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The new head of the OBR, Robert Chote, said in an interview about a week ago that its analysis
"suggested that a fair fuel stabiliser would be likely to make the public finances less stable rather than more stable".
If a £10 increase in oil prices was passed through, the assumption is that it would add 7.4p per litre at the pump. To offset that would cost £3.7 billion, which is £1.3 billion more than the consequential rise in oil and gas revenues. It might have been a good idea for the Conservative party to carry out that sort of analysis before making promises that it could not keep. All the Economic Secretary has to say today is that the Government will consider the OBR's report.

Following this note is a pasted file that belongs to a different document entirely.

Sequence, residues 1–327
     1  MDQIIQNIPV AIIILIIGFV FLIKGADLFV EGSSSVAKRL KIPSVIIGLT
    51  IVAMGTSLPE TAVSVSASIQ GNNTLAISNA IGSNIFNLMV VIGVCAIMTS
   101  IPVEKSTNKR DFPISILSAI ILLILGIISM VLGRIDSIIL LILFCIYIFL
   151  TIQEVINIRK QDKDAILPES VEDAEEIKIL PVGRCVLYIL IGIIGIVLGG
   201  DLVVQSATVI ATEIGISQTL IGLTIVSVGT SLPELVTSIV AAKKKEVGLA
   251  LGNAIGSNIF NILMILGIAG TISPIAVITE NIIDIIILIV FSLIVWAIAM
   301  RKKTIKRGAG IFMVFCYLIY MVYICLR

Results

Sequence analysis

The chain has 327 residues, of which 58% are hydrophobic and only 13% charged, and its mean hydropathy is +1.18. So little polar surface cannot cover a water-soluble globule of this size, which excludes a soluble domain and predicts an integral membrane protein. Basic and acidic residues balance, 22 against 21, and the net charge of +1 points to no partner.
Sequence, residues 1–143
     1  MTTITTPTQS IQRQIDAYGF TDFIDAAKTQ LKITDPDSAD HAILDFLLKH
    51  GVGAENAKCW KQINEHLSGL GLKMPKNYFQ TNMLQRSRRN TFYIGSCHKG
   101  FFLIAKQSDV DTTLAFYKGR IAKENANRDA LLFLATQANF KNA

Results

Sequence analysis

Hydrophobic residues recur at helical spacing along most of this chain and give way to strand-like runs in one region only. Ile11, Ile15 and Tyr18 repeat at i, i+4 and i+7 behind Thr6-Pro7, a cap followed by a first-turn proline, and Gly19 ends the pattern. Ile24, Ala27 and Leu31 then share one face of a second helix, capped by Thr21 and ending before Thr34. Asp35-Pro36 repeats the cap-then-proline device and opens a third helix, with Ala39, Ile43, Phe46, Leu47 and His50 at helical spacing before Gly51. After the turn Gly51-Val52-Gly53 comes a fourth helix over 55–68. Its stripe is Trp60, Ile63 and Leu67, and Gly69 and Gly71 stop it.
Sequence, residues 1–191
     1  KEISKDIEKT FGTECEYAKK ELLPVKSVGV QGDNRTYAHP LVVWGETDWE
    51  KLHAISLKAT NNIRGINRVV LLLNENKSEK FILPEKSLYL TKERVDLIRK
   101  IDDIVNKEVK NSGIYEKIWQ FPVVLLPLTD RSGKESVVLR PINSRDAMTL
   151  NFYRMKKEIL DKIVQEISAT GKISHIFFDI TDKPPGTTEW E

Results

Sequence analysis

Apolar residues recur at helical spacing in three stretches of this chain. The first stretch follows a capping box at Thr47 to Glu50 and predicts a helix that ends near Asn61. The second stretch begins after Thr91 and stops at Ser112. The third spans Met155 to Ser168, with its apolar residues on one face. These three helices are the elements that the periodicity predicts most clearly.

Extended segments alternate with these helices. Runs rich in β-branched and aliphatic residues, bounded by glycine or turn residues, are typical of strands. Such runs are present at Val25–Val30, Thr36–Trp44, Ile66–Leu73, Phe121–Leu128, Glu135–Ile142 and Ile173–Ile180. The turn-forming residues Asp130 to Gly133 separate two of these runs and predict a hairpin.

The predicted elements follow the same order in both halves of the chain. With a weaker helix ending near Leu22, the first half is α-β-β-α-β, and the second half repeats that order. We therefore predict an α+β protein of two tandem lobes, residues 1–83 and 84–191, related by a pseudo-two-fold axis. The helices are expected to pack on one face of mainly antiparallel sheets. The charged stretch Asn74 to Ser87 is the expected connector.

I also ask the Economic Secretary what conversations she has had with people in the industry about the impact of fuel prices. I have been contacted by the Retail Motor Industry Federation, which tells me that it has written to the Chancellor and Prime Minister four times about the matter recently, with no response at all. It has stated that the Government have
"made no attempt to engage with industry" and that it wants the policy of a stabiliser to be dropped, because it would be
"costly and a huge administrative burden".- [Interruption.]